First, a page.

Past Strauss-Kahn sex claims haunt French left
Claims over Dominique Strauss-Kahn's past sexual conduct haunted France's opposition Socialists on Friday as they struggled to regroup for next year's election after his indictment on sex assault charges.
After a New York grand jury indicted the ex-IMF head, the new frontrunner to become the Socialists' presdential candidate, Francois Hollande, was forced to deny that he knew of similar claims made against Strauss-Kahn in 2002.
In the wake of Strauss-Kahn's arrest, a lawyer for French writer Tristane Banon, 31, said she may bring charges alleging he tried to sexually assault her in 2002. She described the encounter in a television broadcast in 2007.
"I never heard of deeds of such seriousness as those that have recently been mentioned," said Hollande, who was the party's leader at the time.
"I do not mean that no deeds were committed," he told reporters. "Rumours exist, but I never saw it as my role to police the Socialist Party."
Banon's mother Anne Mansouret, a Socialist regional councillor, said on Thursday that people "at the highest level" in the party knew of the claims.
Rumours had long circulated in French media and political circles but little attention was paid to them until Strauss-Kahn's arrest last weekend on charges of sexually assaulting and trying to rape a Manhattan hotel maid.
Strauss-Kahn had been the Socialists' best hope of beating incumbent Nicolas Sarkozy in the presidential vote in April and May 2012. The party is due to shortlist its hopefuls in June and choose a candidate at a primary in October.
As the French political world caught its breath after a US court bailed Strauss-Kahn on Thursday, his opposition allies remained split on how to fight the upcoming election.
"I think now we really have to move on," said Segolene Royal, the party's previous presidential candidate, who lost the 2007 election to Sarkozy and will be a candidate at the primaries to stand again.
"We are not going to overshadow all of French political life ... by living through this soap opera of American justice day after day," she said.
Royal currently polls as the third-place candidate, behind the party's leader Martine Aubry and her predecessor, Hollande.
Royal said the Socialists must "avoid taking any decisions in the heat of emotion" over Strauss-Kahn's arrest, which caused shock and dismay last weekend, and "keep moving forward."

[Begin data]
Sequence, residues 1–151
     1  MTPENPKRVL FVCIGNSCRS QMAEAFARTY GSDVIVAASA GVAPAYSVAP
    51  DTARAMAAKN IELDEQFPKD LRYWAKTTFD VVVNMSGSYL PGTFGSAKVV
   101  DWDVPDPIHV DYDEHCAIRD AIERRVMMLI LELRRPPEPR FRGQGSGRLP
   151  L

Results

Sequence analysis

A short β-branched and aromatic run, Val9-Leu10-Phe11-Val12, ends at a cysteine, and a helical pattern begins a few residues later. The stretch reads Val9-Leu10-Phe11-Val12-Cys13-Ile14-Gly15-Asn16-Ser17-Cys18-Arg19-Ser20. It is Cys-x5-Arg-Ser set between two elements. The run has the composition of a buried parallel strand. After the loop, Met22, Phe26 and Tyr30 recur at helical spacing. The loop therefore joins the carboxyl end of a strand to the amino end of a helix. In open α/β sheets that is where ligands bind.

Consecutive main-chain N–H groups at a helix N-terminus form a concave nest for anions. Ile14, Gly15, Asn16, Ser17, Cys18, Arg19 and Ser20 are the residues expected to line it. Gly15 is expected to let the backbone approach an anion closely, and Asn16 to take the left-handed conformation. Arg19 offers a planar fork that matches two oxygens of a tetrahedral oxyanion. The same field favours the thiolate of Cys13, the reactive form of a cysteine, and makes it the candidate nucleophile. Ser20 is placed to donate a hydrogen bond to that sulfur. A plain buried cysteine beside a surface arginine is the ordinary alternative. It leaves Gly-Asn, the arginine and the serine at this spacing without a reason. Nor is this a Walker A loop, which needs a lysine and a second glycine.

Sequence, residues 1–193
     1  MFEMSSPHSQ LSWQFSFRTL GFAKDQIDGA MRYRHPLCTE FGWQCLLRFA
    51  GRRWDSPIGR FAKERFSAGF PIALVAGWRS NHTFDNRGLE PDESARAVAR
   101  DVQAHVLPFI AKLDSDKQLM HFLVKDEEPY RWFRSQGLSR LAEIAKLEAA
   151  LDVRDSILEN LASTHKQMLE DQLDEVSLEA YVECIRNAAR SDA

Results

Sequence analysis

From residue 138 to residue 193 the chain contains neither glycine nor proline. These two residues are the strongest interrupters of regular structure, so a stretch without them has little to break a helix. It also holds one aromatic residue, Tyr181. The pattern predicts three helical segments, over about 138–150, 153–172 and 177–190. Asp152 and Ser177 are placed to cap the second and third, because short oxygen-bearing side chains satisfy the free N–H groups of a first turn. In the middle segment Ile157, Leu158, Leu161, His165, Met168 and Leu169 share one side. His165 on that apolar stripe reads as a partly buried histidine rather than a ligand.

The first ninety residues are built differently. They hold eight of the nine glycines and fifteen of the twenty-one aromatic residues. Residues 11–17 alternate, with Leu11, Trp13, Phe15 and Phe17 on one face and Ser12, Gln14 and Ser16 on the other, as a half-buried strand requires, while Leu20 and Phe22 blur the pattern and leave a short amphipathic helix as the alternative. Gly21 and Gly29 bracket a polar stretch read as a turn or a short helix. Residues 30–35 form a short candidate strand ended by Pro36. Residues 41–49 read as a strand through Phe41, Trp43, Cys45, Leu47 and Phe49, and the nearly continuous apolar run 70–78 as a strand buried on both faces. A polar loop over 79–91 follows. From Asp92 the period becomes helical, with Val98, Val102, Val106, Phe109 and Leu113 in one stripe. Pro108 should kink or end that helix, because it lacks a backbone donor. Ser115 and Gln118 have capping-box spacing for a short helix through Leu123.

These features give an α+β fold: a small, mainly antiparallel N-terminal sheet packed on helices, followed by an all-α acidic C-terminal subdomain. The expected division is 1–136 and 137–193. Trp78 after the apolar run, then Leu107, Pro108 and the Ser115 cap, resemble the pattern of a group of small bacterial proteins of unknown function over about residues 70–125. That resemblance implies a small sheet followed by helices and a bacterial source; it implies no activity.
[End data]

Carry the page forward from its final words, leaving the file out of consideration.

Some in the party were still reeling, however, and said it was too soon to go all-out lining up a candidate to replace Strauss-Kahn.
"If we want the primaries to deliver, we must agree for them to take a back seat for the moment," a leading Socialist lawmaker and ally of Strauss-Kahn, Manuel Valls, was quoted as saying by Le Parisien newspaper Friday.
Aubry has called for "unity" in the party, implying they must all rally behind one contender.
But Hollande has been campaigning vigorously over recent months and is not expected to bow to Aubry, with whom he has had sometimes testy relations.
Meanwhile several key party members, including close allies of Strauss-Kahn, have broken the silence and urged Aubry to stand. She is seen as a traditional left-winger, in contrast to Hollande, who is considered more moderate.
A survey by pollster Sofres published on Friday showed Hollande as the Socialist most likely to beat Sarkozy, however, with 38 percent support against 18 for Aubry. Royal had eight percent support.
For Valls, any choice of candidate now risks being a mere "default".
Strauss-Kahn "was seen as the mechanic of globalisation and the one who could get France out of the economic crisis," he told Le Parisien.
"It is no discredit to anyone to say that, clearly, none of us has a magic formula for 2012."
© 2011 AFP